The Otherness – and yet Rightness – of the Trinitarian Idea
(My friend Keith Brenton is a lot smarter and a little more patient than I am. You should visit his blog. My scribblings today began in seed form in a comment I made there.)
Some people are contrary. I know this because whenever someone suggests an idea, my first instinct is, “No, I think it goes like this.” I’ve given many people the rough edge of my tongue over the years because I loved the sound of my own voice more than I loved the sound of peace.
What does any of this have to do with the Trinity? Good question – I guess you could call it context. All theology (all living, for that matter) is done in a context. Even hermits have surroundings that form their ideas and activities. So when I speak of someone being a contrarian, I hope that is heard in the proper context – that I’ve got three fingers accurately pointing back at me when I point it out in someone else.
Keith and I have an Internet acquaintance who is a contrarian with two hobby horses: the Trinity and the personal indwelling of the Spirit of God in Christians. If you live in a Christian context where questioning those two things sounds crazy, you’re not alone. If you look at posts like this and wonder, “Why are you wasting your time with arguments like this when you could be out offering someone a helping hand?” you’re also not alone. God rescued me in the context of a contrarian fellowship – one of our favorite Scriptures is “Test everything – hold fast what is good.” (1 Thess 5:21) We haven’t obeyed the prior verse with anything like the same passion, but what can you do? Our acquaintance has driven us to do a lot of thinking and clarifying about these matters – I can honestly say that I wouldn’t know half as much about why I believe in the Trinity if I hadn’t been pushed to express it in myriad ways.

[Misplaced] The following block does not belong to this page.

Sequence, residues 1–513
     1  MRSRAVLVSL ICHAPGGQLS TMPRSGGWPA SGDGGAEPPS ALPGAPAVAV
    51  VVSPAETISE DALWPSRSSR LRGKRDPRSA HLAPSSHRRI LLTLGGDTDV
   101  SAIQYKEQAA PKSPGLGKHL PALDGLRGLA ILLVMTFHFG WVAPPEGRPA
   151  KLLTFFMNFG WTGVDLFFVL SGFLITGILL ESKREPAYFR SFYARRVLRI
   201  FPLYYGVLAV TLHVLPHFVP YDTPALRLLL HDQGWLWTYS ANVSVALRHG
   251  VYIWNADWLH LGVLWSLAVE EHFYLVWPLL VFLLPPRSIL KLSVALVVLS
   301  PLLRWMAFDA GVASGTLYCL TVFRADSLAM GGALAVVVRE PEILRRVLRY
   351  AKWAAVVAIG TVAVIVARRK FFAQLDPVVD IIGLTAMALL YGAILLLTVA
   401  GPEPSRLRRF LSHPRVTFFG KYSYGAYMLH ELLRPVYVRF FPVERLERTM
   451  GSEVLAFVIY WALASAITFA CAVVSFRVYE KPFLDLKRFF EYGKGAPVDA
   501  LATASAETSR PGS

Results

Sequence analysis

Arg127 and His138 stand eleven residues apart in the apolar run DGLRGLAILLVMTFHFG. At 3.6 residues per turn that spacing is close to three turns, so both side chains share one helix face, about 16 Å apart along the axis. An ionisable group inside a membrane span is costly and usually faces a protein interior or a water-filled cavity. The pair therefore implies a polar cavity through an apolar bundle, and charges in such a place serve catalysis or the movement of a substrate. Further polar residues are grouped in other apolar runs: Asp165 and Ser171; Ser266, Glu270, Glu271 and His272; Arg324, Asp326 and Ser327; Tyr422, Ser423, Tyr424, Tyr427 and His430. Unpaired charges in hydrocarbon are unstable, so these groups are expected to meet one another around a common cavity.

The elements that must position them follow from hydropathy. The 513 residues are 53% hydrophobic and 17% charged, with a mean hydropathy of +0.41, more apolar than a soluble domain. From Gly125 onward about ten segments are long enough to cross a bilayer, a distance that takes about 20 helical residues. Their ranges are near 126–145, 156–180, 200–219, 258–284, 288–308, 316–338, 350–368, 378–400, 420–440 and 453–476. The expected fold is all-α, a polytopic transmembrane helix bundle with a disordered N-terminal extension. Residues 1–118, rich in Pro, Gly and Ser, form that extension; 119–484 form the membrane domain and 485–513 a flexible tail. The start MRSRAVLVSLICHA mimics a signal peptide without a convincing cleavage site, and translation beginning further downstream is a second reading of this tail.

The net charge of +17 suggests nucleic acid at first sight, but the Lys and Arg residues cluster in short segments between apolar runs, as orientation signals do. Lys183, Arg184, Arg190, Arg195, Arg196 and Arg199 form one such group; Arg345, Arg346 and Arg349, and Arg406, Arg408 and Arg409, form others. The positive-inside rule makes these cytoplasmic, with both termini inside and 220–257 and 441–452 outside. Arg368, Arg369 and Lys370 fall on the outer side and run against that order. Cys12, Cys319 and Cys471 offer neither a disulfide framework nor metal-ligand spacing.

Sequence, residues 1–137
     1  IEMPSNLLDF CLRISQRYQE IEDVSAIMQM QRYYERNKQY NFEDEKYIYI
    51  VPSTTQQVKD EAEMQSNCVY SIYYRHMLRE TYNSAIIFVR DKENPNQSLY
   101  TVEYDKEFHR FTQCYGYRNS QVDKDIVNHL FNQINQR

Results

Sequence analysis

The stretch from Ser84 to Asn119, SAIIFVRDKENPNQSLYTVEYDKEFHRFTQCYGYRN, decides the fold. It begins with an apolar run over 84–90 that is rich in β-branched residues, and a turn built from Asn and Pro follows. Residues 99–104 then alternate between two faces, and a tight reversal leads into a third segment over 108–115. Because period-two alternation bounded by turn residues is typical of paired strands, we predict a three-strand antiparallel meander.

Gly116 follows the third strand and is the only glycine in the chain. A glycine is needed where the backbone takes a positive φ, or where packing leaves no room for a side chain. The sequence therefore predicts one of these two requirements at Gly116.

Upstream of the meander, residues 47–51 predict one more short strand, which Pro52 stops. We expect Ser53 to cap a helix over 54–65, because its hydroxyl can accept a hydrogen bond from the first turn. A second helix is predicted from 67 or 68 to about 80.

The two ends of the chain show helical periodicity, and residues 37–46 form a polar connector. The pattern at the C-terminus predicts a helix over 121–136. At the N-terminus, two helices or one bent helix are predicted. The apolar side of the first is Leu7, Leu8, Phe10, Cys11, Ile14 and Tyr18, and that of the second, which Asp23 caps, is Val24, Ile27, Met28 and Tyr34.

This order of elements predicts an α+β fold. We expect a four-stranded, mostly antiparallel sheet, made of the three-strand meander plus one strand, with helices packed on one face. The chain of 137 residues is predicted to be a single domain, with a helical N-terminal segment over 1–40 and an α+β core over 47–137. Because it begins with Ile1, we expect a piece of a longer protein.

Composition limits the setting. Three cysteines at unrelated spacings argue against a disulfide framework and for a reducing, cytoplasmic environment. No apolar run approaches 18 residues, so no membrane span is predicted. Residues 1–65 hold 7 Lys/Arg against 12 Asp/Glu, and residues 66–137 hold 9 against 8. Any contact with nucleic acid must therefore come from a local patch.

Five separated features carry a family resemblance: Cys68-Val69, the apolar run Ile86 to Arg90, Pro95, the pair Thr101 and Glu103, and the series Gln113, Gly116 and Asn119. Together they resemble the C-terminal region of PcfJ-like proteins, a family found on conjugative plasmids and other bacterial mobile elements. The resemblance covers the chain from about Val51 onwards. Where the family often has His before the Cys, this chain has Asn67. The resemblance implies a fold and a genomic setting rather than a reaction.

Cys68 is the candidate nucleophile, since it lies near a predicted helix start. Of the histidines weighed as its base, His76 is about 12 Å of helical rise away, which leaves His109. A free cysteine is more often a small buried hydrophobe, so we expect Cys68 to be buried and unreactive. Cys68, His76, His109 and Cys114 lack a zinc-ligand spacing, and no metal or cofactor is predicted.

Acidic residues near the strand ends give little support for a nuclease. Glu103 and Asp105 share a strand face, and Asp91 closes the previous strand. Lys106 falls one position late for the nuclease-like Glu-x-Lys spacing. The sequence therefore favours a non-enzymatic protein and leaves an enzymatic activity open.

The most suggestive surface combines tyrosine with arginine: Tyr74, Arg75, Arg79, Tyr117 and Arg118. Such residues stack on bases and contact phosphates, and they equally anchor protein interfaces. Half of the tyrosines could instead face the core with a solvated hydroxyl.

- Yes, the Emperor Constantine summoned a council of bishops in 325 to debate (among other things) the Christian church’s doctrine about the nature of the relationship between the Father, Son, and Spirit;
- Yes, that council could have had a broader representation of ideas on the matter in question;
- Yes, that debate – three centuries after the life of Christ – resulted in the broad acceptance of the Trinity doctrine (that had been openly taught and challenged since the late 100s);
- No, the word “trinity” does not appear in the Bible (that was a big sticking-point for me for several years);
- Yes, the idea of three-in-one, a perfect communal-unity of agape love, is beyond our ability to categorize thoroughly or to express with exhaustive accuracy.
BUT… (and here I’ll risk the arrogance of quoting what I wrote earlier today):
“What is true is that whether doctrinal exposition comes from the pen of Justin Martyr or the pen of Nick Gill or the pen of my contrarian brother, it must be tested against the Scriptures. And on that account – which was the whole point of the Nicea debate – the idea of the Trinity stands firm as the best model to describe the Father-Son-Spirit relationship we see throughout Scripture. NOT necessarily every doctrine that has been surmised about the Trinity – since Scripture is no more about the inner relationship of Father-Son-Spirit than it is about the work of angels, we should not be surprised that Scripture does not neatly and exhaustively exposit that relationship – so there are going to be some wrong-headed conclusions drawn, even if the idea is headed in the right direction.”
“No one has seen God at any time; the only begotten God who is in the bosom of the Father, He has explained Him.”
“He who has seen Me has seen the Father.”
“Ananias, why has Satan filled your heart to lie to the Holy Spirit and to keep back some of the price of the land? While it remained unsold, did it not remain your own? And after it was sold, was it not under your control? Why is it that you have conceived this deed in your heart? You have not lied to men but to God.”
in HIS love,